Can Hemiepiphytes be Useful in the Revegetation of Barren Sites?

Victor C. Quesnel, Frankie Farrell, Luisa Zuniaga

Abstract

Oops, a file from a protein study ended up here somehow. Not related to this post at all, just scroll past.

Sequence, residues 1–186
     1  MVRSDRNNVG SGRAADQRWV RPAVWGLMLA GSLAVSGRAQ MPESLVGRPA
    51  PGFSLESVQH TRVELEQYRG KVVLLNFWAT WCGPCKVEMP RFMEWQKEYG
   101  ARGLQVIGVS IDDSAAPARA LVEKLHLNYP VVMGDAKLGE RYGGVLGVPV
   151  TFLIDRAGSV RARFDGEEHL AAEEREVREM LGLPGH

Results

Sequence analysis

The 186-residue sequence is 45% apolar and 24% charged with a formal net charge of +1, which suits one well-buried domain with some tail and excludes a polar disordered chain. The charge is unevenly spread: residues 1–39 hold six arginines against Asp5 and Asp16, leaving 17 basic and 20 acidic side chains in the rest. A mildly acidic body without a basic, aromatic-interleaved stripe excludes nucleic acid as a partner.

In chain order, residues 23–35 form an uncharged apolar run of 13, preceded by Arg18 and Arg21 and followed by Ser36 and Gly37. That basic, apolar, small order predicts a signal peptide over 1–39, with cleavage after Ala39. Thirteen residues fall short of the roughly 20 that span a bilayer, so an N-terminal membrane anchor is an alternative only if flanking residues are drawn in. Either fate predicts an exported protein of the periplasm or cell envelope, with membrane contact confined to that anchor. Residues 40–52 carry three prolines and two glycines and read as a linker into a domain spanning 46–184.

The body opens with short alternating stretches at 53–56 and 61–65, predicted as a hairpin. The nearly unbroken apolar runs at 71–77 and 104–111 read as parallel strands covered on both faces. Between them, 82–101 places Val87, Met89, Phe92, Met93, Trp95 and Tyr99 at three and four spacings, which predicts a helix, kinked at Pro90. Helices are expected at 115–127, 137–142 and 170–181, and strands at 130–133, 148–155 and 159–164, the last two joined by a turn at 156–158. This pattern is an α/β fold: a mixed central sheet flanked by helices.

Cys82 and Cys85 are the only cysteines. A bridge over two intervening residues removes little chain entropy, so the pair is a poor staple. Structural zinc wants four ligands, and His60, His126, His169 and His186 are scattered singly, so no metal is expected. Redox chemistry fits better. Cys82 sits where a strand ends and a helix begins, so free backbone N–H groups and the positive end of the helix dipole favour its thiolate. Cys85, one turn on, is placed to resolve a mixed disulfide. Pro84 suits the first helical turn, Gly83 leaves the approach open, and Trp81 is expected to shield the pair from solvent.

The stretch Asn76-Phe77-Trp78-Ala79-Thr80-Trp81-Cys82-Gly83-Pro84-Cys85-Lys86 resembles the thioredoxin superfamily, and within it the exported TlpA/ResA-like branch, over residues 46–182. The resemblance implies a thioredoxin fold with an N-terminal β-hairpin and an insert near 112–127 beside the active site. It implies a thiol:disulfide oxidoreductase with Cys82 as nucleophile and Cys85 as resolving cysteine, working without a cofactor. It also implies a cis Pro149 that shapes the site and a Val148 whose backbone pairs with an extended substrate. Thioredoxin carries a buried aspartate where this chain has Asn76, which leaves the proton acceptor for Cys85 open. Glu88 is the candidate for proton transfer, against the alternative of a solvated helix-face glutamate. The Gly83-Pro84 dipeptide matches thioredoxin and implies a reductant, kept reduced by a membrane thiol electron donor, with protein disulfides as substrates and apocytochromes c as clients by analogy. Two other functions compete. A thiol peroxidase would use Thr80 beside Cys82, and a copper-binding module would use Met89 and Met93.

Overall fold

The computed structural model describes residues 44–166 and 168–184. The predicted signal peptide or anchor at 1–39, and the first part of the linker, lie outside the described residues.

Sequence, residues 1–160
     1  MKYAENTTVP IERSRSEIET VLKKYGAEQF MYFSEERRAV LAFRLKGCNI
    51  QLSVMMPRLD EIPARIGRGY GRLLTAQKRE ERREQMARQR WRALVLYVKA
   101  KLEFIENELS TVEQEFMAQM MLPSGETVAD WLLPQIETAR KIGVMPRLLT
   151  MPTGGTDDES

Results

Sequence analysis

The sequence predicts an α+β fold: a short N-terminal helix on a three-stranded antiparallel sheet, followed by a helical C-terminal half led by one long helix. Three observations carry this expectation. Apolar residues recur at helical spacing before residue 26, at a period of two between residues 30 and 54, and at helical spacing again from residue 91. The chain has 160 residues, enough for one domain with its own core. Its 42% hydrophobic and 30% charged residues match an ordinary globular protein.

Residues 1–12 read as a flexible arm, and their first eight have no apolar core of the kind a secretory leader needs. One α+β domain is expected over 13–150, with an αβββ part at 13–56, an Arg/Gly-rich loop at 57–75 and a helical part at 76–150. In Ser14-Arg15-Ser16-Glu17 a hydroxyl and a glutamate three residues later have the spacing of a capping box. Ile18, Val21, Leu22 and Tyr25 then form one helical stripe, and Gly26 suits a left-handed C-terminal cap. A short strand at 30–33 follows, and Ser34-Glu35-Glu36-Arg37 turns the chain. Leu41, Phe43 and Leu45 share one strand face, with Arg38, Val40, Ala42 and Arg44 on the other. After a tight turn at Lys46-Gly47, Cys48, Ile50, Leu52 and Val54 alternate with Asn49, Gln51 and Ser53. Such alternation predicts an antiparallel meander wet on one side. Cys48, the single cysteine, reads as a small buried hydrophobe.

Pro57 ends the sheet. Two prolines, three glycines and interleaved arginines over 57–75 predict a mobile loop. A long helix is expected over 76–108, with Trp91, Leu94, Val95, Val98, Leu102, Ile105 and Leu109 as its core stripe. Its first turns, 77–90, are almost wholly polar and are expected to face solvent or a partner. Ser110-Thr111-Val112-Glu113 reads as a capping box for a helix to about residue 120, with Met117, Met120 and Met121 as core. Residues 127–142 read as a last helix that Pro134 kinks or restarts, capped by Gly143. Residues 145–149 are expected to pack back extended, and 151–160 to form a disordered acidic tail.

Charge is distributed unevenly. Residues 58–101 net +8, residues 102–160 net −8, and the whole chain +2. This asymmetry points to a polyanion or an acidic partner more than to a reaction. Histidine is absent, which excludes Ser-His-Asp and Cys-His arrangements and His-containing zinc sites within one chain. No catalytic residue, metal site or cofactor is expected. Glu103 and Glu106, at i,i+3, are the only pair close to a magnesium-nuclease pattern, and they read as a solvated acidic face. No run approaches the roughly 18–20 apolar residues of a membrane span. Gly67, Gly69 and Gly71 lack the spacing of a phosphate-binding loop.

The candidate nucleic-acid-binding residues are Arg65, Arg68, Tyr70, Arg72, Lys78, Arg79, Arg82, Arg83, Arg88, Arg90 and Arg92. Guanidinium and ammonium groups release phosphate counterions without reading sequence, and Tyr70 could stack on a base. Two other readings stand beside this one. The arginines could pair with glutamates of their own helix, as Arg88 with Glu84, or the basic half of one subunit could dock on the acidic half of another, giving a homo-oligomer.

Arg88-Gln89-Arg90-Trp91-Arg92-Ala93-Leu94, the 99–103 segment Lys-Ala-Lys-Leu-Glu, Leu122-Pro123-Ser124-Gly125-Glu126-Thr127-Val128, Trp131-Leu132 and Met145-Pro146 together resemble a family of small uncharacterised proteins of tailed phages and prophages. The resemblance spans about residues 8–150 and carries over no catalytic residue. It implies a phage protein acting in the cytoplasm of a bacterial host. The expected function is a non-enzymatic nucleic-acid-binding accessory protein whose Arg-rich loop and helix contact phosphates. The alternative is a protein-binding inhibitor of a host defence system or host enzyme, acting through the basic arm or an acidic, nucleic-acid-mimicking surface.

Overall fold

Hemiepiphytes, when they grow as epiphytes, must start life with minimal nutrition, and presumably, their physiology has evolved to cope with this situation. They should therefore be good candidates for revegetating barren areas. We tested this hypothesis with Clusia minor, Ficus amazonica and Ficus trigonata. Seedlings of each were grown in plastic bags and later planted out on two sites in the sand pit at the Arena Forest where their behaviour and survival were followed from 1993 to 2000. Of the three species, Clusia minor was much more promising than either of the other two. The reasons seem to lie in the evergreen habit of Clusia and its freedom from attack by leaf-cutting ants.

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